Health and Nutrition 101: Macros, Calories and Exercise … Oh, My! (Part 1)

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By Gina Cousineau

My entire adult life, I have talked diets, either because I was on one or someone I knew was on one.

As a fitness professional, trained chef, and as a nutrition expert, I regularly want to pull my hair out over the conversations I overhear, paired with all the noise I see across the internet regarding diets.

The best one yet was a diet program in which you can win money. It was the perfect storm for those with disordered eating—the majority of us—paired with gambling. Oh, my!

So let’s unpack the latest and greatest, as we once again hear from U.S. News & World Report’s “Best Diets 2021.”

Leading the way, as in years past, are omnivore-type diets, including the Mediterranean, DASH, and Flexitarian diets, which are plant-focused. In other words, a plant-based diet that includes dairy, as well as animal and plant proteins mixed in. They all promote a whole food nutrition approach that is low in sugar, saturated fat, sodium, along with limiting highly processed foods. Not brain surgery, folks.

Macronutrients, or “macros,” remain high on the list of buzzwords when it comes to diet-speak. In reality, macronutrients are foods that provide calories, which include carbohydrates, fat, and protein.

There are all kinds of spewing of “if it fits my macros,” “macro percentages,” and “I count macros” going on. But what does this really mean?

Fact is, counting macros tells us nothing of food quality, nor the number of calories that are being consumed, so I use this opportunity to educate my readers as to why you should know what “macros” are and how they can help you reach your goals for the New Year.

Bottom line, if you are on a “diet,” you either want to lose, gain or maintain your weight; are concerned about improving or holding onto your current health scenario; and/or you want to improve your performance (speed, body composition, strength, etc.).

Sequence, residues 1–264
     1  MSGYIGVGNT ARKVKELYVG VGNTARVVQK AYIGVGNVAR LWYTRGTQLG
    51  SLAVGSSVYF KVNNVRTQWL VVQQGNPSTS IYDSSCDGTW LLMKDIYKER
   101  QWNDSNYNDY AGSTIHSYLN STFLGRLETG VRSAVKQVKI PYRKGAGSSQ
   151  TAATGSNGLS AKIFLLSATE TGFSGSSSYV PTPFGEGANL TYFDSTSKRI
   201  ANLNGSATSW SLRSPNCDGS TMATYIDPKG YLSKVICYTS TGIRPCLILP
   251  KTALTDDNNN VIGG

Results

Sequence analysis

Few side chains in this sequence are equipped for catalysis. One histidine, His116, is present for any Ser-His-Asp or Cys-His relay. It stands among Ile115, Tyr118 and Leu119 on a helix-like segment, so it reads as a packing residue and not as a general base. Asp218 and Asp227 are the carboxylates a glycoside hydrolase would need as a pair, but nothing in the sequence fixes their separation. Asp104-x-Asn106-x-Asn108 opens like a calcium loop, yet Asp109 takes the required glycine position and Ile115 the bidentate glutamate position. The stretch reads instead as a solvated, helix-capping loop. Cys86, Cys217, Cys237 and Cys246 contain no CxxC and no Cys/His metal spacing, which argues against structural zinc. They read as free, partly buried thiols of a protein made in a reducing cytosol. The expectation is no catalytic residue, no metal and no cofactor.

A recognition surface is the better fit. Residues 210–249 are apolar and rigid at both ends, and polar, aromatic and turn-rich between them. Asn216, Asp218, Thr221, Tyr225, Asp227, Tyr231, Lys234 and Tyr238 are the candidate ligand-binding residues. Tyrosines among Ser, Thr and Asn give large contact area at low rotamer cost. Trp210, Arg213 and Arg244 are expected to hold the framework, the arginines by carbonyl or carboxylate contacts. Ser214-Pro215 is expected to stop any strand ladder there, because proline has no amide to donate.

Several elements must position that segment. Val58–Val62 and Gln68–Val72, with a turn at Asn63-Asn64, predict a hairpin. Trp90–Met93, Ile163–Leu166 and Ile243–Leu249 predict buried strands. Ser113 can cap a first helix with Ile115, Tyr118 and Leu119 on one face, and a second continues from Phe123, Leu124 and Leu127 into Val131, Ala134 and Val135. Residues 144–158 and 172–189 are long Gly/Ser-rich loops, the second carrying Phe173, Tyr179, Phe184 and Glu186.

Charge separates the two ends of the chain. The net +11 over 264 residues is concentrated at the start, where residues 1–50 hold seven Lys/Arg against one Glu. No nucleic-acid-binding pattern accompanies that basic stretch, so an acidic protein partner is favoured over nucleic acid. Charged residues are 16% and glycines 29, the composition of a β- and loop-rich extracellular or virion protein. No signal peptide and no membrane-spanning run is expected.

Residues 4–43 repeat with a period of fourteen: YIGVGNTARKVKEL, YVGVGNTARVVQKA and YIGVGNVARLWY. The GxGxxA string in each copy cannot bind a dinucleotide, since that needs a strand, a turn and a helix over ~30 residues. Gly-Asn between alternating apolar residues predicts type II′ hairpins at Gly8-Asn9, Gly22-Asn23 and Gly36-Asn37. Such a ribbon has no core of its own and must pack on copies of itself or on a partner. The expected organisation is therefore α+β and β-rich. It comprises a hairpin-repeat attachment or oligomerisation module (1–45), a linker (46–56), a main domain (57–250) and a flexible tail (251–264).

If you have no concern for these things, you likely eat foods that are convenient, regardless of their repercussions.

Macros provide the calories needed to exist in life. If you over-consume them, you store body fat and potentially increase your risk of lifestyle diseases linked to obesity, including heart disease, stroke, diabetes, colorectal cancers and the like.

Under-consume calories, and you risk sarcopenia, the loss of lean tissue mass, including muscle and bone, leading to a host of health concerns. Malnutrition and lack of proper nutrition can happen no matter how many calories you consume.

Homeostasis is the body’s happy place and the home in which I want my clients to reside.

The type of macros you consume is dictated by the foods you choose. Carbohydrates are the body’s preferred and primary fuel source. Wholesome foods rich in carbohydrates are fruits, vegetables, whole grains/starches, and dairy products.

Fats are imperative for most every metabolic process in the body. Healthier options include fats from foods such as avocados, olives, nuts, seeds and oils from these foods. Protein helps to build and repair, along with it being the matrix of our skin, muscle and bones. Nutritious picks are lean animal and dairy sources, eggs, and plants rich in soy and legumes.

Those macros in combination are called meals and snacks, and not only can bring joy to our lives, but wonderful nutrition to our bodies. They can also be our demise.

Recommendation from Mama G: Choose wholesome macronutrients most of the time as close to nature as possible. Stay tuned for more on “macros” next month.

Gina Cousineau sees clients virtually and in person out of her San Clemente office. Her extensive education—a BS in dietetics and MS in integrative and functional nutrition—chef training, and 30-plus years as a fitness professional allow her to help clients lose weight and improve their health. You can reach her at mamag@mamagslifestyle.com, 949.842.9975, and on Instagram and Facebook @mamagslifestyle.

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